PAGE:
The terminology used with regard to the effects and purpose of Christ’s death

Atonement. Though some take it simply to mean “at-one-ment,” reducing the meaning to simple reconciliation,[1] the idea of the Hebrew word k-ph-r carries the ideas of blotting out sin and satisfying the penal demands of the law.[2]  As Leon Morris points out, “Its use in theology is to denote the work of Christ in dealing with the problem posed by the sin of man.”[3] Morris highlights that its use in the NT emphasizes Christ’s death as substitutionary, sacrificial, and expiatory.[4]  Reconciliation is possible because one’s sins have been blotted out and their penalty satisfied.  Leviticus 17:11, which speaks of atonement being made by the blood of sacrifice is echoed in Hebrews 9:22 which states that the law provides for almost all things to be cleansed with blood and that apart from the shedding of blood nothing will be cleansed.

Expiation/Propitiation. both words express closely related ideas.  In propitiation, the emphasis is on the person offended whereas in expiation the emphasis is on the act itself.  Both, however, have to do with the blotting out of a sin through a sacrificial act.

Leon Morris says that, “Propitiation properly signifies the removal of wrath by the offering of a gift.”[5]  Morris points out that there are more than twenty words used to express the wrath of God as applied to Yahweh in the OT and collectively they are used over 580 times. [6]  The concept of God’s wrath, Morris says, “cannot be eradicated from the Old Testament without irreparable loss.”[7]  Many object to this because the idea of an angry God is offensive to them or they refuse to see it in Scripture though Psalm 7:11 says that “God is angry with the wicked every day.”  This objection is based on a misunderstanding of “wrath,” which we tend to see as irrational anger and which characterized pagan deities.  God’s wrath is not capricious, however, but a consistent, stern reaction to the sinfulness of humanity.[8]

In the NT, the hilaskomai word group is used in Romans 3:25; Heb. 2:17; 1 John 2:2; 4:10 in relation to Christ’s death.  In Romans and in Hebrews, the word is used in conjunction with statements about Christ’s blood, using sacrificial language, and Hebrews 2:17 specifically links this act and its resulting propitiation to the sins of the people so that the sins of the people necessitated the act itself.

It is true that Luther rejected of the word “satisfaction” in this regard due to its “association with penance in the Catholic tradition.”  Though the “satisfaction” view may have been used to support medieval notions of penance and the Mass as outworkings of the idea of the necessity of a payment in the form of blood and suffering, but such medieval ideas represent perversions of the Scriptural view.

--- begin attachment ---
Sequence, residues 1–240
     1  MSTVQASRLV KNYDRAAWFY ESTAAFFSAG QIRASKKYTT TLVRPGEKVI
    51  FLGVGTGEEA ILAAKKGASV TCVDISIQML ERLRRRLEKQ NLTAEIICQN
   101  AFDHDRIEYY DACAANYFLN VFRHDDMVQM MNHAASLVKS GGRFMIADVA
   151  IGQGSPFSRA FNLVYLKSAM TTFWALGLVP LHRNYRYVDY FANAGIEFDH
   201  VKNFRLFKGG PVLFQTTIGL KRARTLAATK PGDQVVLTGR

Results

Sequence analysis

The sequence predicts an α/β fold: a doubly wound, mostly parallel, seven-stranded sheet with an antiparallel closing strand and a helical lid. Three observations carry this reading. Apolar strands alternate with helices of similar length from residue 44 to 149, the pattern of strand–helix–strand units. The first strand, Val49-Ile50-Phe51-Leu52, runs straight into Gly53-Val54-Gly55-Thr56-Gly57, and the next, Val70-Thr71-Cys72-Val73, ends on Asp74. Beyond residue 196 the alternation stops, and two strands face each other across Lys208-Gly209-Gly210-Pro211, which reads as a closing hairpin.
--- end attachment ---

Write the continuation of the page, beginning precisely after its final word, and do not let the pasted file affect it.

Redemption. “Redemption” has to do with freeing someone based on the payment of a price.  While this has often been used to support the ransom theory of the atonement, it does not.  The word translated “redemption” is apolytrōsis and though this word is not common in extrabiblical Greek, used only eight times, this word is found ten times in the Greek NT.[9]  Leon Morris notes that the emphasis in this word is on the cost of redemption and it is linked to the death of the Savior.  For example, in Ephesians 1:7 and Romans 3:24f where it is stated that the cost of redemption is Christ’s blood and in Hebrews 9:15 the cost is Christ’s death.  Twice in 1 Corinthians Paul stresses the cost (6:19f. and 7:22f.) without naming what the cost was though Galatians 3:13 and Mark 10:45 both carry the substitutionary idea.

Morris points out that the NT writers could very well have used another word, rhyomai, which means “to rescue” had they only wanted to stress the idea of deliverance.  That they chose this relatively rare word indicates that they intended to stress the idea of the cost paid for the deliverance, namely, the death of the Son.


[1] A. A. Hodge, The Atonement (Grand Rapids: Baker, 1907), 33.

[2] Hodge, 34.

[3] D. R. W. Wood and I. Howard Marshall, New Bible Dictionary, 3rd ed. (Leicester, England; Downers Grove, Ill.: InterVarsity Press, 1996), 102.

[4] Ibid.

[5] D. R. W. Wood and I. Howard Marshall, New Bible Dictionary, 3rd ed. (Leicester, England; Downers Grove, Ill.: InterVarsity Press, 1996), 975.

[6] Leon Morris, The Apostolic Preaching of the Cross (Grand Rapids: Eerdmans, 1976), 131.

[7] Morris, Cross, 156.

[8] Morris, Cross, 131.

[9] Morris, Cross, 37.

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About Michael R. Jones

Pastor and PhD candidate writing on Paul's theology of suffering.
This entry was posted in Soteriology, Theology and tagged , . Bookmark the permalink.

One Response to The terminology used with regard to the effects and purpose of Christ’s death

  1. Rhonda Sparkman says:

    nicely written ;-0

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